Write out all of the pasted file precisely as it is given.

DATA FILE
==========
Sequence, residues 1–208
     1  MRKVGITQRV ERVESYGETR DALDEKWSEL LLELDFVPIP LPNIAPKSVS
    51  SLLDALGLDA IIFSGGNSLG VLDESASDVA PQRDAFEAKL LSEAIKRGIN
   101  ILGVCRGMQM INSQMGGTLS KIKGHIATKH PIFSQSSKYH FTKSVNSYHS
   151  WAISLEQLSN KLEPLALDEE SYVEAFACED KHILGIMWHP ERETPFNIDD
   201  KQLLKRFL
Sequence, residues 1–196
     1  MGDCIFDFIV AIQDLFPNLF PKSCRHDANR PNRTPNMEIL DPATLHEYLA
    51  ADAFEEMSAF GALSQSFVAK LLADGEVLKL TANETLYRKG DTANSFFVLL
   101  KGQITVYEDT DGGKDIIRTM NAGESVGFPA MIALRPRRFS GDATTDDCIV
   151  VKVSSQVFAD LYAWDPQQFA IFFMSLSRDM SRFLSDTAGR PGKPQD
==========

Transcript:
Sequence, residues 1–208
     1  MRKVGITQRV ERVESYGETR DALDEKWSEL LLELDFVPIP LPNIAPKSVS
    51  SLLDALGLDA IIFSGGNSLG VLDESASDVA PQRDAFEAKL LSEAIKRGIN
   101  ILGVCRGMQM INSQMGGTLS KIKGHIATKH PIFSQSSKYH FTKSVNSYHS
   151  WAISLEQLSN KLEPLALDEE SYVEAFACED KHILGIMWHP ERETPFNIDD
   201  KQLLKRFL
Sequence, residues 1–196
     1  MGDCIFDFIV AIQDLFPNLF PKSCRHDANR PNRTPNMEIL DPATLHEYLA
    51  ADAFEEMSAF GALSQSFVAK LLADGEVLKL TANETLYRKG DTANSFFVLL
   101  KGQITVYEDT DGGKDIIRTM NAGESVGFPA MIALRPRRFS GDATTDDCIV
   151  VKVSSQVFAD LYAWDPQQFA IFFMSLSRDM SRFLSDTAGR PGKPQD